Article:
It happened. Sony has decided to get Marvel Studios to work their magic on the Spider-Man property. Will we get a repeat of the messy Amazing Spider-Man sequel? What are the plans for the web slinger let alone the shared universe Sony wants to create? WHAT'S GOING ON? These were the questions occupying our minds
Sony has decided to get Marvel Studios to work their magic on the Spider-Man property. Will we get a repeat of the messy Amazing Spider-Man sequel? What are the plans for the web slinger let alone the shared universe Sony wants to create? WHAT’S GOING ON? These were the questions occupying our minds as rumours and fan prayers swirled around the idea of Marvel getting back the rights to its most mainstream comic book character (the X-Men, over at FOX, are a close second).
According to Variety, here’s how how the deal will work out:
- Kevin Feige will co-produce the Spider-Man films with former Sony co-chairman, Amy Pascal, who “oversaw the $4 billion Spider-Man franchise for over 13 years” at Sony (basically since the 2002 Sam Raimi/Toby Maguire Spider-Man).
- Sony will still own the rights to Spider-Man and also distribute, finance and have final creative say on the Spider-Man films. It seems like Marvel Studios won’t have to deal with the financial burden if this film tanks (which I doubt it will) but it would be safe to assume that the division of revenue would skew towards Sony’s favour. Marvel doesn’t have final creative say on the Spider-Man films which would be alarming if it wasn’t for the fact that this deal was created to take advantage of Marvel’s magical movie pizzazz. How much control they have of Spider-Man in Marvel Studio films is still undetermined.
- Yes. It means Spidey gets to chill with the Avengers and could take up the role he played in the Civil War storyline in the comics. This means we could see a whole new Spider-Man as early as next year in Captain America: Civil War.
Did I say a whole new Spider-Man? Yes, I did! To seal the deal and this new relationship, Sony will say goodbye to Andrew Garfield so they can pick a new Spider-Man with Marvel Studios (who’ve already done a fabulous job in casting for their films). I know people are upset that Garfield won’t stay on and I get it because I’m also a Garfield fan but it had to be done. First off, Marvel Studios had nothing to do with choosing Garfield to play Spider-Man, so now that they’re crafting the character anew, they want to find THEIR right guy. This leads to the second reason: Marvel doesn’t want their universe connected to The Amazing Spider-Man universe. Andrew Garfield is the last connection that needs to be severed in order to move on and if he had stayed on, moviegoers would constantly be connecting the two universes. Remember, comic book fans make a small number of the overall moviegoing audience so connecting the two universes is a legitimate concern for studios re: the average audience member who doesn’t know that much (if anything) about comics, especially in the case of Marvel, who have gotten the whole shared universe thing down pat. The third reason is the one I find to be the most important:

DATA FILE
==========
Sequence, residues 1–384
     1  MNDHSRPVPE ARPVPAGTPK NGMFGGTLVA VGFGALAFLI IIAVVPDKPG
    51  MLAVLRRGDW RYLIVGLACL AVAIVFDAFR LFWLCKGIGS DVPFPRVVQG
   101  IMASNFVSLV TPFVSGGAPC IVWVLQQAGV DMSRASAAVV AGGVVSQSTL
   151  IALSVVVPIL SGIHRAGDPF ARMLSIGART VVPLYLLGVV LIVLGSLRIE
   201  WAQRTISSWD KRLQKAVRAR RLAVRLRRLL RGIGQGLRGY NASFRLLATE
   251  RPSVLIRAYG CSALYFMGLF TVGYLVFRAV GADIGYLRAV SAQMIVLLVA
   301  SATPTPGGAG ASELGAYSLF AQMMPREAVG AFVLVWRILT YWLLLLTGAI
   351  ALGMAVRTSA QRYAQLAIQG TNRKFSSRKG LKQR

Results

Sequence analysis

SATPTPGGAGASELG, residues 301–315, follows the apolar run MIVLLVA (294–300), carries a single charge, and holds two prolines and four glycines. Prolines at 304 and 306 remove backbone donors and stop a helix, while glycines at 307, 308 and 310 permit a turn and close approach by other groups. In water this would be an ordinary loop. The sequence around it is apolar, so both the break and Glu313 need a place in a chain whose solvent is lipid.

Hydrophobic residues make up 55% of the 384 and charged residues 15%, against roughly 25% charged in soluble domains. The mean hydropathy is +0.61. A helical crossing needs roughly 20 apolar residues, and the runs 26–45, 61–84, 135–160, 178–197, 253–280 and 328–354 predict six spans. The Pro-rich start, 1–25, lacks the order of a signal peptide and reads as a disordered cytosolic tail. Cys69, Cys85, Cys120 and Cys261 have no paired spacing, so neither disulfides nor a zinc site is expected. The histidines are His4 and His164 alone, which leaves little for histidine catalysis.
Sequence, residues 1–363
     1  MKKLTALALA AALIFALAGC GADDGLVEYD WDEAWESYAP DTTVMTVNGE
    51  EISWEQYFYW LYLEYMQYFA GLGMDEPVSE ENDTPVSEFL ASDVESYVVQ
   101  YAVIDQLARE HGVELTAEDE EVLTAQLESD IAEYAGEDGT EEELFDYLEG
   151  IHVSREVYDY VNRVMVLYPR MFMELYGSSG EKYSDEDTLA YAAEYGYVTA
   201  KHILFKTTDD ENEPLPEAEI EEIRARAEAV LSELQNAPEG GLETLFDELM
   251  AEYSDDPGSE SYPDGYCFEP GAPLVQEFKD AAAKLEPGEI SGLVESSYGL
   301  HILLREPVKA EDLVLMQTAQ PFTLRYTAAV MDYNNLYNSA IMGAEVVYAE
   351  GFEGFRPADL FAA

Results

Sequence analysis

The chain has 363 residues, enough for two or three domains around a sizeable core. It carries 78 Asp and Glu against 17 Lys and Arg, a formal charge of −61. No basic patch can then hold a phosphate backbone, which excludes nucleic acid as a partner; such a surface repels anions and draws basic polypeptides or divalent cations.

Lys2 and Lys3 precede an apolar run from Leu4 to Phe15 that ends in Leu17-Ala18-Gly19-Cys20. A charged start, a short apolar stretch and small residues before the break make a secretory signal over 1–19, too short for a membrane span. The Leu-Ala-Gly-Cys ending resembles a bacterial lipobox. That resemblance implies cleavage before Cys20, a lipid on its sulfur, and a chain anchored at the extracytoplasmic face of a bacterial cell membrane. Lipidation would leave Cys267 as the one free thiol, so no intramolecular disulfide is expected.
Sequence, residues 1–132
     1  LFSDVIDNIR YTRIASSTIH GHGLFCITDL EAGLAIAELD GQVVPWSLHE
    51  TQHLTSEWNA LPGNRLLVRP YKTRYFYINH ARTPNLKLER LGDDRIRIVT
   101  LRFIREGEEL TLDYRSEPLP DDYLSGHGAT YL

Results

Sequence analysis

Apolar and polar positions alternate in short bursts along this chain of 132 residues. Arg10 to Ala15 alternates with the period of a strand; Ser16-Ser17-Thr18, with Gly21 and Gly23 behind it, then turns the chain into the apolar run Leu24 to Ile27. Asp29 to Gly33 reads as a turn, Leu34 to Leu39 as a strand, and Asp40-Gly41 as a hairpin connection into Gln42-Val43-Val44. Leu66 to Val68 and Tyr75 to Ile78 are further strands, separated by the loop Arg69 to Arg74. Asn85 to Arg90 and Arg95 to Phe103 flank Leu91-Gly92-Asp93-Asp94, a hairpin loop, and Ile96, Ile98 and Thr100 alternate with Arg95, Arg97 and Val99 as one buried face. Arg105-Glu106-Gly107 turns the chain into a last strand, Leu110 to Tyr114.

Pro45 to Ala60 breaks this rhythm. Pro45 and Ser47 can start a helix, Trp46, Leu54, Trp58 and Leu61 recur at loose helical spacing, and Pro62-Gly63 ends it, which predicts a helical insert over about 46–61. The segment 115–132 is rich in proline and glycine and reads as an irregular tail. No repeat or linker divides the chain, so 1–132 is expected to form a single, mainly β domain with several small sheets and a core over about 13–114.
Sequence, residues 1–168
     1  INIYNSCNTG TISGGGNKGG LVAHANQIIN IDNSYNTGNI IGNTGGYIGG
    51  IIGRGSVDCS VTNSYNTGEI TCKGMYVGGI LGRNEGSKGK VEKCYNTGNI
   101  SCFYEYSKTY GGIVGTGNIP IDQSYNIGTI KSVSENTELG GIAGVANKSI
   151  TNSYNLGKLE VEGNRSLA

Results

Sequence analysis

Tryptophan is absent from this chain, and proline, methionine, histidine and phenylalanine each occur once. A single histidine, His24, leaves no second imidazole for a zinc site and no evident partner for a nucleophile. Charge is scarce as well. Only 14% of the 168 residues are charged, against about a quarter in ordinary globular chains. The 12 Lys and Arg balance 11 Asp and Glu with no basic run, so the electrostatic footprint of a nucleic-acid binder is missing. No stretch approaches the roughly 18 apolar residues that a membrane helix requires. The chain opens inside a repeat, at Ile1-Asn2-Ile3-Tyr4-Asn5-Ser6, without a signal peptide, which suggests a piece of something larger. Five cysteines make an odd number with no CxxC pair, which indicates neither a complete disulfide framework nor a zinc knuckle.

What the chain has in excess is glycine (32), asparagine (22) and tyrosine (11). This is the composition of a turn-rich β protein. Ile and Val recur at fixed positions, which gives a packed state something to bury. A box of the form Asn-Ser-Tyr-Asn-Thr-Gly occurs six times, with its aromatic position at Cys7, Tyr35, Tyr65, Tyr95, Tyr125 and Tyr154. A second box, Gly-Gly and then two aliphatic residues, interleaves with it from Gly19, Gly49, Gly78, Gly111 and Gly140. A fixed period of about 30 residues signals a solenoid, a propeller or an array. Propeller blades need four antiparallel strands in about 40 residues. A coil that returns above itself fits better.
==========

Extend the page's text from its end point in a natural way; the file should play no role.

Peter Parker doesn’t matter anymore.
Peter Parker was the nerdy and awkward teen outcast who got to be a superhero. This was relatable to comic book readers (and later cartoon viewers) who self identified as outsiders and who didn’t see themselves in the other larger than life superheroes like Captain America. Parker might have worked in the 1960s and the decades that followed but in 2015, it’s hard to see a cisgender, straight white guy as a visible outcast. Stories and characters need to evolve which is why we got an African-American Annie as opposed to the red-head we all know. The red-headed Annie no longer makes sense for the story that needed to be told TODAY, when a black girl is more likely to embody who Annie is in relation to the society that surrounds her.